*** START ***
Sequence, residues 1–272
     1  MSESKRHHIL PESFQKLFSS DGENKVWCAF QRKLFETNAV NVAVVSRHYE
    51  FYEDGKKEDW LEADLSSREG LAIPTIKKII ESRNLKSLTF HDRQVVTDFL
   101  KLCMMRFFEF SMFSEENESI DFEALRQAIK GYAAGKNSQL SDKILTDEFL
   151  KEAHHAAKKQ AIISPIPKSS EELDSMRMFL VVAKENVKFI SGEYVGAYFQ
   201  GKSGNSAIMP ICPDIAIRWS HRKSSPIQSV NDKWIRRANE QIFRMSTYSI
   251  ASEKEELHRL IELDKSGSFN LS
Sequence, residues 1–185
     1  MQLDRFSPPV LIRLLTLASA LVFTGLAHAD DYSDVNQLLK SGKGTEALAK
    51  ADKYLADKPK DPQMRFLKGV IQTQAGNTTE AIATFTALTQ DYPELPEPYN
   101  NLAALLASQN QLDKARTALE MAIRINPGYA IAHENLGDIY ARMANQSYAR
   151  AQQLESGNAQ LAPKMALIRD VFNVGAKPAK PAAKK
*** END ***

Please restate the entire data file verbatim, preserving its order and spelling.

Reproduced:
Sequence, residues 1–272
     1  MSESKRHHIL PESFQKLFSS DGENKVWCAF QRKLFETNAV NVAVVSRHYE
    51  FYEDGKKEDW LEADLSSREG LAIPTIKKII ESRNLKSLTF HDRQVVTDFL
   101  KLCMMRFFEF SMFSEENESI DFEALRQAIK GYAAGKNSQL SDKILTDEFL
   151  KEAHHAAKKQ AIISPIPKSS EELDSMRMFL VVAKENVKFI SGEYVGAYFQ
   201  GKSGNSAIMP ICPDIAIRWS HRKSSPIQSV NDKWIRRANE QIFRMSTYSI
   251  ASEKEELHRL IELDKSGSFN LS
Sequence, residues 1–185
     1  MQLDRFSPPV LIRLLTLASA LVFTGLAHAD DYSDVNQLLK SGKGTEALAK
    51  ADKYLADKPK DPQMRFLKGV IQTQAGNTTE AIATFTALTQ DYPELPEPYN
   101  NLAALLASQN QLDKARTALE MAIRINPGYA IAHENLGDIY ARMANQSYAR
   151  AQQLESGNAQ LAPKMALIRD VFNVGAKPAK PAAKK